During the Nasscom Emerge 50 awards [India has the world’s third-largest startup base–meet the product firms exhibiting at NASSCOM Product Conclave 2017] I got into an argument with a Japanese entrepreneur. He was a bit unhappy that we were not able to make it to the CEATEC expo [missed due to a visa issue] that he helped arrange for our startup and get media exposure and business expansion in Japan.
It turned into a discussion on what we should be building. The gentleman was of the view that we should not be building hardware and focus more on building software. [As stereotypes go, this is an “advice” I get a lot]. Indians, while we can do good software, don’t have much experience doing hardware. He was of the view that while our robot might be good enough for India, Japan has a higher hardware standard. Thus, he advised us to port our software to a Japanese robot company and use that to enter the market.
While I agree that our hardware doesn’t match Japan’s standards now, the goal for us is to reduce the delta between what we have and what Japan wants in a progressive way. However, we cannot take the software-only approach, for several reasons.
First, the issue is that even Japan has only one commercial robot in our category [Pepper robot from Softbank] and that means we don’t have very many hardware options to “port” our software into. Pepper is completely booked with past orders and Aldebaran has nothing to spare. And it is only sold in Japan, making it hard for us to import and build software for.
Second, Pepper doesn’t have many of the features we seek. It is quite short – forcing people to bend down for interaction. We rely on face recognition and thus the camera has to be at the height of an average person. Its wheels are quite small – limiting its movement and it doesn’t have provision for autonomous navigation [we need to retrofit our sensors and that would spoil its aesthetics].
Third and most importantly, I don’t agree on splitting the hardware and software – especially in something as integrated as ours. I have seen the folly of this at Microsoft where the quality of the OS on Dell/HP was substantially inferior compared to the homegrown hardware of Surface Pro. And in robotics, the variables are a lot – from having right cameras to right microphone array to right sensors for navigation. Splitting the hardware and software would be disastrous for product quality.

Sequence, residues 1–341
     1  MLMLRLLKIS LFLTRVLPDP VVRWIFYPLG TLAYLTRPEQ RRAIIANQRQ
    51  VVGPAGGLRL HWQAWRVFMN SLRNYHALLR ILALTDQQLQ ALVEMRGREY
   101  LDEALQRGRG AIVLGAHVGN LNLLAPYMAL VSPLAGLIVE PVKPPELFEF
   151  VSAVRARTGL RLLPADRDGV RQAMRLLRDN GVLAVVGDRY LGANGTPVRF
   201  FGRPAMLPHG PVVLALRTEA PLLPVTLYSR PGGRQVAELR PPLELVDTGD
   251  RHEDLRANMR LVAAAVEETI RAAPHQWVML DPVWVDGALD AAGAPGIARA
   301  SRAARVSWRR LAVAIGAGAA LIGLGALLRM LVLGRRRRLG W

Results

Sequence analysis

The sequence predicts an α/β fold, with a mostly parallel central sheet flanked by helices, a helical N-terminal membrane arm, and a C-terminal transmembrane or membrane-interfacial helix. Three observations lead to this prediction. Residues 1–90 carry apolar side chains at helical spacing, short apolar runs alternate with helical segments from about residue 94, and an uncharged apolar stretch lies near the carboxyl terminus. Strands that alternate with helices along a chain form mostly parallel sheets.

Oh and we want to do hardware. That is our passion and something we want to fight traditional stereotypes and build a successful startup around it.
The discussion then went into how Pepper is superior to us in hardware and appearance. There is no question that Pepper looks better in appearance.
But, Softbank Robotics is 100x our team size, 10x older than us and backed by a parent organization that has 100,000,000 times more money that we have in our bank. Not to mention the absence of government support or infrastructure we have to work in India. The fact that he and our prospective customers are even bringing our products in comparison is flattering for us.
Perfection is not built in a day. It requires time, money and customer feedback. Three of the best companies of our time that are known for their design started like this.
And it makes perfect sense. You don’t have fetuses that look like George Clooney or Aishwarya Rai at their prime.
And this takes us to the Lean Product approach.
If we wait for a perfect product, we will never enter the market in time. The goal of the lean methodology is to build a good enough product – called the Minimum Viable Product – with a unique positioning. Apple, Google and Amazon didn’t wait to build a perfect product. They came with a good product and rapidly innovated. In a few years, they went miles ahead of anyone in their category.
For us, the unique positioning is a commercially available human-sized robot at a viable price point that can navigate around, recognize faces, get into conversations and provide product recommendations. There is no one else that satisfies all that and that is the niche we are getting.
Once we prove the hypothesis that this is a large, viable market we can always get investors to bring in money and substantially improve the quality of injection moulding process.
You can only judge quality by looking at the past. You should have seen our product last November. The first version is substantially backward compared to what we are launching for 1 year later. Sneak preview of what is coming next for Mitra. And as we learn manufacturing processes and make revenues, we can go for better moulding process and refine the design.
Again, this is the same approach the Japanese took in the 1940s-60s. Their products were not known for their quality in the west, but their companies boldly challenged the stereotypes. Sony brought a simple transistor radio to the west that was not anywhere near the music quality of B&O or Marconi. But, good and cheap enough to create a whole market segment. Same for Toyota taking on the likes of General Motors, Benz and BMW. They didn’t start out with making amazing cars but ended up making amazingly durable, efficient cars that fit the economic needs. Same with Honda took on the bike market dominated by the likes of Harley Davidson.
Perfection is not daydreaming of an imaginary product, but a process of constant improvement making sure the product of yesterday looks worse compared to the product of tomorrow.